By Evangelia Ganosellis
Trying something new can be daunting. Intimidating. Uncomfortable. And yet, more often than not, once I've stepped out of my comfort zone and tried something I've never done before, I'm glad that I did. And that was the case for me after I tried yoga nidra, a meditative form of yoga, with Marisa Shearer.
I've been taking classes with Laura and Lindsay at Retreat since the studio opened here in the Turks and Caicos a year ago, and I practiced hot yoga with Laura for about a year before that. I love their classes — they're challenging and fun, and they always leave me feeling better than I did before. But as tough as hot and dynamic yoga classes can be, the absolute hardest part of yoga for me is meditation — the ability to quiet my mind, let go and just be.
So you can imagine my hesitation to try a form of yoga that's rooted in meditation. Usually when I attempt any kind of meditation, I just end up feeling frustrated. But I reminded myself that my struggle to reconcile meditation doesn't mean I shouldn't do it. In fact, it means that I should probably do it more. We can't expect to get any better at something if we don't face our challenges head on.
The Mind-Body Connection
I think we so often forget about the mind-body connection, and the "mind" part of yoga. Instead, we get caught up in the physical aspects of it, and becoming as fit as possible. Physical exercise is obviously a good thing, but without mindfulness, you're not really practicing yoga, are you?
So. What can you expect at a yoga nidra class with Marisa? When you walk into the studio at Retreat, you'll find a mat, pillow, blankets and an eye pillow prepared for you. A candle and a pair of tingsha (small Tibetan cymbals used in prayer) sit in the center of the room. Once you've made yourself comfortable on your mat and covered your eyes, the guided meditation begins.
Yoga nidra is also referred to as "yogic sleep": a state of consciousness between waking and sleeping, so the challenge is not only letting go, but also not to simply fall asleep. It's meant to be the deepest form of relaxation you can experience while remaining conscious. And let me say this: If anyone is going to guide you through a meditative state, Marisa is the person to do it. She has a calm, soothing voice that helps you relax and focus.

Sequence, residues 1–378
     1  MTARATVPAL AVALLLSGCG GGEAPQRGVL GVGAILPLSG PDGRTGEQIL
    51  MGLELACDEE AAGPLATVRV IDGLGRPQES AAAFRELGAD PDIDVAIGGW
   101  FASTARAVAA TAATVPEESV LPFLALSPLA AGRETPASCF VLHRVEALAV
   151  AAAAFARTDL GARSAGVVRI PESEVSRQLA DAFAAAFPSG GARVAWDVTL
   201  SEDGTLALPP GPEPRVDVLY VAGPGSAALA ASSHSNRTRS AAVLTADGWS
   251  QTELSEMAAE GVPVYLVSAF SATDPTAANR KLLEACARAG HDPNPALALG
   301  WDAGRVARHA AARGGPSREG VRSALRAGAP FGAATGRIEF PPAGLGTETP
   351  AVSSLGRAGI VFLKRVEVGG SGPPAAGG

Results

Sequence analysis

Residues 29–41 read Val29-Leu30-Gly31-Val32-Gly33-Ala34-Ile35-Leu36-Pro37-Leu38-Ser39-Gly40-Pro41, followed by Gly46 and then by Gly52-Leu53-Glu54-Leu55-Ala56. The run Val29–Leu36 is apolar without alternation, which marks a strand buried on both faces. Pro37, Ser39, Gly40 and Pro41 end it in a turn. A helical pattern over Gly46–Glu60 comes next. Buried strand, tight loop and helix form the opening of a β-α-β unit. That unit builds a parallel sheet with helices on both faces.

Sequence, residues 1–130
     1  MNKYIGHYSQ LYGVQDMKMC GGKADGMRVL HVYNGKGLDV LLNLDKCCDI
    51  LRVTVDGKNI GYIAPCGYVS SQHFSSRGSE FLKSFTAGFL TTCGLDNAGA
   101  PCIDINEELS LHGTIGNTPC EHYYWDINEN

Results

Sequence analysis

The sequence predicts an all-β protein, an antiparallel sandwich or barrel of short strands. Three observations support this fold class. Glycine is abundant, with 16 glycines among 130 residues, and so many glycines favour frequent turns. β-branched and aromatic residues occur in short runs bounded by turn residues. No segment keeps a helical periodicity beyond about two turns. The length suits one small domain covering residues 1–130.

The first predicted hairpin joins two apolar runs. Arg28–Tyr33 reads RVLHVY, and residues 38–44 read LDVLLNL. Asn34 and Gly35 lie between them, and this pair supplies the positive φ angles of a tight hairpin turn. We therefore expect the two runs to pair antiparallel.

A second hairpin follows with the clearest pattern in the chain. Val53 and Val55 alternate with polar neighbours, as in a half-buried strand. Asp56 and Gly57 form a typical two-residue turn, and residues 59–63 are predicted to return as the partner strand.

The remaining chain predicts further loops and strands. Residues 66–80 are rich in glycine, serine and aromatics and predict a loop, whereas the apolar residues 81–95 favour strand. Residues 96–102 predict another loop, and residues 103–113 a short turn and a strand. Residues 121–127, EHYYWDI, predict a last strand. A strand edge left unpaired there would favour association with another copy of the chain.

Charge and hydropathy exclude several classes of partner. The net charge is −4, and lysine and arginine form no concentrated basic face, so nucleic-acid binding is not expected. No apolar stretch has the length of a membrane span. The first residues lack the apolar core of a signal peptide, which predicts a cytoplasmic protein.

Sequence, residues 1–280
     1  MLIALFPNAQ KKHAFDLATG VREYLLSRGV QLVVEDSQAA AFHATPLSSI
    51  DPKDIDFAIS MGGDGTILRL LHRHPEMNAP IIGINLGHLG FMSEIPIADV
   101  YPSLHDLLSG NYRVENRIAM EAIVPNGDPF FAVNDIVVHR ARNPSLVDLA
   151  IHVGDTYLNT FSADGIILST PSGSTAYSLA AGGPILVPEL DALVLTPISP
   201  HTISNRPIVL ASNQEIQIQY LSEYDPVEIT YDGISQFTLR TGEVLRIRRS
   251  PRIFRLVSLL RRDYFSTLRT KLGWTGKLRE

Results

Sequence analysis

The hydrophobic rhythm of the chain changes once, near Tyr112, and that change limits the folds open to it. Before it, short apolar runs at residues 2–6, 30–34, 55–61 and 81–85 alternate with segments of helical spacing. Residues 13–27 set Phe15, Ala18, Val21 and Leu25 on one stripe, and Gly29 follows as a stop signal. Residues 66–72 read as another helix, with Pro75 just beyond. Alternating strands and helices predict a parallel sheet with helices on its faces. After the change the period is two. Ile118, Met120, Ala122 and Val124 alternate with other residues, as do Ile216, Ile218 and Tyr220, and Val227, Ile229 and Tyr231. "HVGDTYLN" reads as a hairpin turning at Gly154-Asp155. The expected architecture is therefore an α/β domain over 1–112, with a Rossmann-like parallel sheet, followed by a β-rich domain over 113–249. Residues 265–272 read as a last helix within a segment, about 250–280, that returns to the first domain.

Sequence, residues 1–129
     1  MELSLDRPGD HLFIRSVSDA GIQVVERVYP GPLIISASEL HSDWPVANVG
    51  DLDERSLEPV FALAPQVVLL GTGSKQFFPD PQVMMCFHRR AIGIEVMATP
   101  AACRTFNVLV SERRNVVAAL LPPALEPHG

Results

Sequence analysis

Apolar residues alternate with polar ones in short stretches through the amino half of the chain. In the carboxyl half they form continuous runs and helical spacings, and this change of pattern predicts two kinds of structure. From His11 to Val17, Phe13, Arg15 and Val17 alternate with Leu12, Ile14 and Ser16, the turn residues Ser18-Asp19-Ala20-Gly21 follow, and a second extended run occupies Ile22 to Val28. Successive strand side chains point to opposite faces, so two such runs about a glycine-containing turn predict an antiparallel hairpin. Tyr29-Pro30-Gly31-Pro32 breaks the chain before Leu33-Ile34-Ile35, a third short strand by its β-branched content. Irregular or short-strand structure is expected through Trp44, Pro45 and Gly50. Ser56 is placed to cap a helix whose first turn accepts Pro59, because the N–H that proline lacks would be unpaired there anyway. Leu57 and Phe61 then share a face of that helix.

I've been to two classes so far, and each experience was a little different. The first time, I managed to switch off my brain for most of the 30 minutes and fully relax, but I didn't fall asleep. The second time, my thoughts flowed more freely but without holding on to any particular thought. And I drifted off a few times.
One thing that didn't change, though, was a peculiar feeling I got when Marisa instructed the class to focus on individual parts of the body, one by one. From the palms of each hand down to each of your toes. I could almost feel an energy pulsing in each particular area she listed. Kind of like a tingling feeling. It's not often we take the time to simply be aware of the individual parts that make up our whole physical body.
By the end of both classes, I left feeling as if I had just awoken from a deep sleep. And when I started the second class, I was feeling irritable and frustrated. I went into it knowing that I might not be able to let go of those feelings and enjoy the class, but I must have underestimated just how much I needed that 30-minute break. By the end, I felt totally relaxed. Whatever was bringing me down, I had managed to let it go.
Whether you already have your own yoga routine or you're new to yoga altogether, I encourage you to step out of your comfort zone and try something new. Remember that yoga goes far beyond challenging physical postures. Mental strength, the health of our mind, is just as — if not more — important. And yoga nidra with Marisa at Retreat may well be the path to guide you there.